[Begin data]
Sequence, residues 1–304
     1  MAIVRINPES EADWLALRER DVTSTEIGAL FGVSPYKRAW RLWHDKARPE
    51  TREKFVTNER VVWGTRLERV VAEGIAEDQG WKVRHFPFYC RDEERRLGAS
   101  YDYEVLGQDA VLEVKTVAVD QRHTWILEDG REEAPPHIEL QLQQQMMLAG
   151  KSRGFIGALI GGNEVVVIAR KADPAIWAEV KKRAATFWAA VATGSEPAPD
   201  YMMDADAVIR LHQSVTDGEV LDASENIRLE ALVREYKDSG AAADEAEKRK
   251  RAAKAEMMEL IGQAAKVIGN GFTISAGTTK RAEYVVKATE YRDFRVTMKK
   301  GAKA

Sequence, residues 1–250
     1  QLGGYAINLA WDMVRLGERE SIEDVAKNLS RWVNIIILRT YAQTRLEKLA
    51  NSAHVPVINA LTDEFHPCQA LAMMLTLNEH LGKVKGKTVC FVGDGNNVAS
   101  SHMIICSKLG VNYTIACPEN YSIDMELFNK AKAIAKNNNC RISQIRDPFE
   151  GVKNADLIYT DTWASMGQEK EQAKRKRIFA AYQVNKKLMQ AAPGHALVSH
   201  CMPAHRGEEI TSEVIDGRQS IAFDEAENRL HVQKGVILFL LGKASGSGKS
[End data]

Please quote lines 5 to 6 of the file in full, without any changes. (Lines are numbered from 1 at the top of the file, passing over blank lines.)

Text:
   151  KSRGFIGALI GGNEVVVIAR KADPAIWAEV KKRAATFWAA VATGSEPAPD
   201  YMMDADAVIR LHQSVTDGEV LDASENIRLE ALVREYKDSG AAADEAEKRK